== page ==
August 2, 2018 |
Brazil’s fintechs have raised funding, partnered with mid-tier lenders and found unexpected allies in regulators. Now they look to maintain momentum as big banks meet them head on
Five and a half years ago, Cristiana Junqueira, then an executive at Itaú Unibanco, received the largest bonus of her career. She was the credit card portfolio manager for Itaucard and part of a group responsible for developing a digital strategy for the Brazilian bank. “We were looking into how to make online channels work and partner with digital retailers,” she recalls.
Yet she grew frustrated with seeing complacency prevail at one of Brazil’s dominant banks. “There was no compelling reason for them to do the things I suggested because no one was chasing them,” she says. “Their brains were not wired to think about competitors.”
Today, Junqueira is the co-founder and vice president of one of Brazil’s fastest-growing finance technology firms, the digital credit card provider Nubank. Since its founding in 2013, Nubank has become the sixth-largest credit card issuer in Brazil, with more than 4 million card holders. On a July morning, half a dozen new employees waited in the startup’s lobby to pick up their identification badges, indicative of a hiring spree.
Brazilian fintechs like Nubank have ignited the competitive spirit of their more established competitors. Several of Brazil’s big banks now have competing products, their own startup incubators and even venture funds. “I think they’re now paying attention,” Junqueira says. “That is a big change compared to five years ago.”
Still, the upstarts continue to thrive. Nubank is among a wave of Brazilian fintechs that are gaining strength, even as the country’s traditional banks fight back. Fintechs have raised increasing amounts of capital to fuel expansion and are also tapping the capital markets to broaden their financing structure.
Nubank has become the first fintech company from South America valued at more than $1 billion, according to the research firm CB Insights. Earlier this year, Nubank raised $150 million in a financing round led by venture capital firm DST Global. Overall, the company has raised a total of $330 million from investors that include Founders Fund, Redpoint eventures, Ribbit Capital and QED.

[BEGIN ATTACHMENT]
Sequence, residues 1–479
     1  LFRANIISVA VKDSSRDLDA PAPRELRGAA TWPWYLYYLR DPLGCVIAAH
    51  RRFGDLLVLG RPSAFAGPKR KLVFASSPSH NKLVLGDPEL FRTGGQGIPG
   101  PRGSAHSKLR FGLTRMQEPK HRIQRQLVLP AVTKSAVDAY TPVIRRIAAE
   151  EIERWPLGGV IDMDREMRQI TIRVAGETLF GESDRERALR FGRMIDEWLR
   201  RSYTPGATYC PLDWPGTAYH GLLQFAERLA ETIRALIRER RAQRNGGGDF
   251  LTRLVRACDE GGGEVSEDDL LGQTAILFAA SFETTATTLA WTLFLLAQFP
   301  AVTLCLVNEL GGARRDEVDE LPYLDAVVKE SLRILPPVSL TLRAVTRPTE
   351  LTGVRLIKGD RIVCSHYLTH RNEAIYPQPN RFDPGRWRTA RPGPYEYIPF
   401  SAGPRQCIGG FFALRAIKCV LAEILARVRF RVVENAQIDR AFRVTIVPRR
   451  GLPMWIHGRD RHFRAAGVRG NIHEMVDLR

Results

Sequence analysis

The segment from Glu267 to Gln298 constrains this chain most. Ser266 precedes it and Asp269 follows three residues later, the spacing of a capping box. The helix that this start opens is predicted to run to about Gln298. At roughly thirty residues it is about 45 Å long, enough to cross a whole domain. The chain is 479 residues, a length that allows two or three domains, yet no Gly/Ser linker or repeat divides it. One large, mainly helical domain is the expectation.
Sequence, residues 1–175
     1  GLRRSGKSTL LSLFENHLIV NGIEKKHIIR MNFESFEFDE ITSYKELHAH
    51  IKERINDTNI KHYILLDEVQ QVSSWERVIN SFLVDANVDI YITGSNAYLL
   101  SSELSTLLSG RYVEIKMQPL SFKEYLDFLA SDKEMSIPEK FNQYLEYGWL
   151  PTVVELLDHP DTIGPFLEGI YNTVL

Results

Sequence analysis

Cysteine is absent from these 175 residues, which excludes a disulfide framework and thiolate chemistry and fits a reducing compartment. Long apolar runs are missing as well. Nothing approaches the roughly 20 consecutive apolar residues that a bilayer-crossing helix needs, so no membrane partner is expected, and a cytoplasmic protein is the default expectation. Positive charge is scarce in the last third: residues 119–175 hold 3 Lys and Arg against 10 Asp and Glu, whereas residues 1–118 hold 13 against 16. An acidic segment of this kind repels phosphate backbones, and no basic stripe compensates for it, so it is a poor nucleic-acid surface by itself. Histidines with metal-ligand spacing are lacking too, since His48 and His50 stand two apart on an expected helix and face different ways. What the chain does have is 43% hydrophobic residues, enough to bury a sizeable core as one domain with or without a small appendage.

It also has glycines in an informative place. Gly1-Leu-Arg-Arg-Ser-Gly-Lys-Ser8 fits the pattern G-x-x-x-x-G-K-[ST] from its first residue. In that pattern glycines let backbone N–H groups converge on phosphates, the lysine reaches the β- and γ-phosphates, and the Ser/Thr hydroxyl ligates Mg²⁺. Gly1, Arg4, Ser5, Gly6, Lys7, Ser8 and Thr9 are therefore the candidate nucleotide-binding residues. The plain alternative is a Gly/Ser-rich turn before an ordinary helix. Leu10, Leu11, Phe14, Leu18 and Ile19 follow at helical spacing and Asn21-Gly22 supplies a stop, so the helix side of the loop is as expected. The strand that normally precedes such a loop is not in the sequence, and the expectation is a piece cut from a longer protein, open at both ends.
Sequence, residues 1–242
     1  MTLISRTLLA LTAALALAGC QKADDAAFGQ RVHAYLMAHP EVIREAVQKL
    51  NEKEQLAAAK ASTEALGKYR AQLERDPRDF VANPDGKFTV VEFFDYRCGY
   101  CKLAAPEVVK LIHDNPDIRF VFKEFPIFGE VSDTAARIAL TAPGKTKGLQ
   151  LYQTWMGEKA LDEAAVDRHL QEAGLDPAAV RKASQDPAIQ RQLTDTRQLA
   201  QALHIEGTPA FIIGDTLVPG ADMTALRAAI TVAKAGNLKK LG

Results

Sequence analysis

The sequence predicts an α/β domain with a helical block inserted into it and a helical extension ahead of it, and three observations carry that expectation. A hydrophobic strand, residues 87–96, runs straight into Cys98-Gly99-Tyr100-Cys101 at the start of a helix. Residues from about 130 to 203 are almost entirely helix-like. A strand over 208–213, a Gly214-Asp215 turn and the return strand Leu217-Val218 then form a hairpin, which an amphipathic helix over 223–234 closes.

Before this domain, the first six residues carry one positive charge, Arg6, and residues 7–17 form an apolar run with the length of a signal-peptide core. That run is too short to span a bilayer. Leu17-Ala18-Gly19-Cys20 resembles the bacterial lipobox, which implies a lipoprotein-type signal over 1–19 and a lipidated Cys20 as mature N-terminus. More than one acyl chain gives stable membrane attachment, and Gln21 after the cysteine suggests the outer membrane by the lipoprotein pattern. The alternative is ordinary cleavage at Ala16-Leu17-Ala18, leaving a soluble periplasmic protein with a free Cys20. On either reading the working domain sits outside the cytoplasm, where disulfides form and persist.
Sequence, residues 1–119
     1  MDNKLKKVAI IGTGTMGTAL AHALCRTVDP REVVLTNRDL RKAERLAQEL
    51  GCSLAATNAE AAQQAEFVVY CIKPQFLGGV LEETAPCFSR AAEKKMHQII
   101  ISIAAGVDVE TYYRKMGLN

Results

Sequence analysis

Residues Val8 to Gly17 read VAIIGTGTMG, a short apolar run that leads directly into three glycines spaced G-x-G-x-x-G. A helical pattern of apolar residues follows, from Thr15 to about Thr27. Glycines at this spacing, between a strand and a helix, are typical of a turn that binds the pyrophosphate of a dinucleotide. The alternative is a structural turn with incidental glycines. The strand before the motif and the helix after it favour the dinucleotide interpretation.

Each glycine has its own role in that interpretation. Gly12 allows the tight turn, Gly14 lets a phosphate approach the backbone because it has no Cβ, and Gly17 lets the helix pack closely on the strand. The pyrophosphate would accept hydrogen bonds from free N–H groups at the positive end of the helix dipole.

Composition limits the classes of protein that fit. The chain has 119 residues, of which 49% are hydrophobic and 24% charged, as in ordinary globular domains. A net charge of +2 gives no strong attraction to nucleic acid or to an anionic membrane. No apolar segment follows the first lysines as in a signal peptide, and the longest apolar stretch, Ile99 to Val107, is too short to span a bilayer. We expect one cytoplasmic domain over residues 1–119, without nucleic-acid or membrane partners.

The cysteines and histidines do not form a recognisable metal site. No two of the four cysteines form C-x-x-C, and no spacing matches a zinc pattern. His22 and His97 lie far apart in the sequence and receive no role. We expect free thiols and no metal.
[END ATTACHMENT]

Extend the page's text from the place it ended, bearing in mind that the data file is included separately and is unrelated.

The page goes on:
During the first quarter this year, fintech companies in South America, led by Brazilian firms, raised $271 million through 13 financing deals, a sharp increase from $35 million in six deals during the same period last year, according to CB Insights.
Recent IPOs have also reflected the growing interest from investors in Brazilian fintechs. Payments processor PagSeguro raised $2.6 billion in a New York-listed IPO in January. The online lender Banco Inter became the first fintech company to go public on the B3 stock exchange in São Paulo. It was also the first retail bank to carry out an IPO in nearly 10 years.
More fintech companies are expected to go public or become acquisition targets in the coming years. Credit card processor Stone Pagamentos, which is backed by the São Paulo-based venture capital firm Arpex Capital is expected to launch an IPO in New York later this year.
“We believe that the majority of the IPOs and M&A activity in Brazil will come from this market,” says Renato Mazzola, a partner with BTG Pactual.
Other companies, like the financial planning app GuiaBolso, have raised cash through the local debt market by issuing receivable funds called FDICs. The Brazilian newspaper Valor Econômico recently reported that more fintechs may also issue FIDCs, including Nubank, Creditas, Lendico and Nexoos.
The industry’s growth prospects are encouraging veteran banking executives, like Junqueira, to make a career change. Three former BTG Pactual executives left the firm recently to start their own digital bank called C6, which is currently awaiting central bank authorization.
Other bank executives have started investment firms that are putting money into fintechs. Last year, Marcelo Kayath, a long-time executive at Credit Suisse, started the investment firm QMS Capital. One of its first investments was in Neoway, a big data startup in Florianópolis that previously got money from Accel, an early investor in Facebook, and São Paulo’s Monashees, an early-stage venture capital firm.
Brazil’s big banks have not stood idle as Nubank and others have grown. Last year, Bradesco launched a digital card called Next and earlier this year it started offering a digital checking account without fees. Santander and Itaú have come out with similar products.
Brazil’s banks are also trying to cultivate new companies through their own incubators. Itaú created the Cubo joint venture with Redpoint eventures in 2015, while Bradesco formed InnovaBra in 2014 and the investment bank BTG Pactual launched BoostLab this year.
“We wanted to get connected to the startup environment,” says Frederico Pompeu, a partner with BTG Pactual who oversees the initiative. “We understood at that point that we did not have a lot of knowledge or connections.”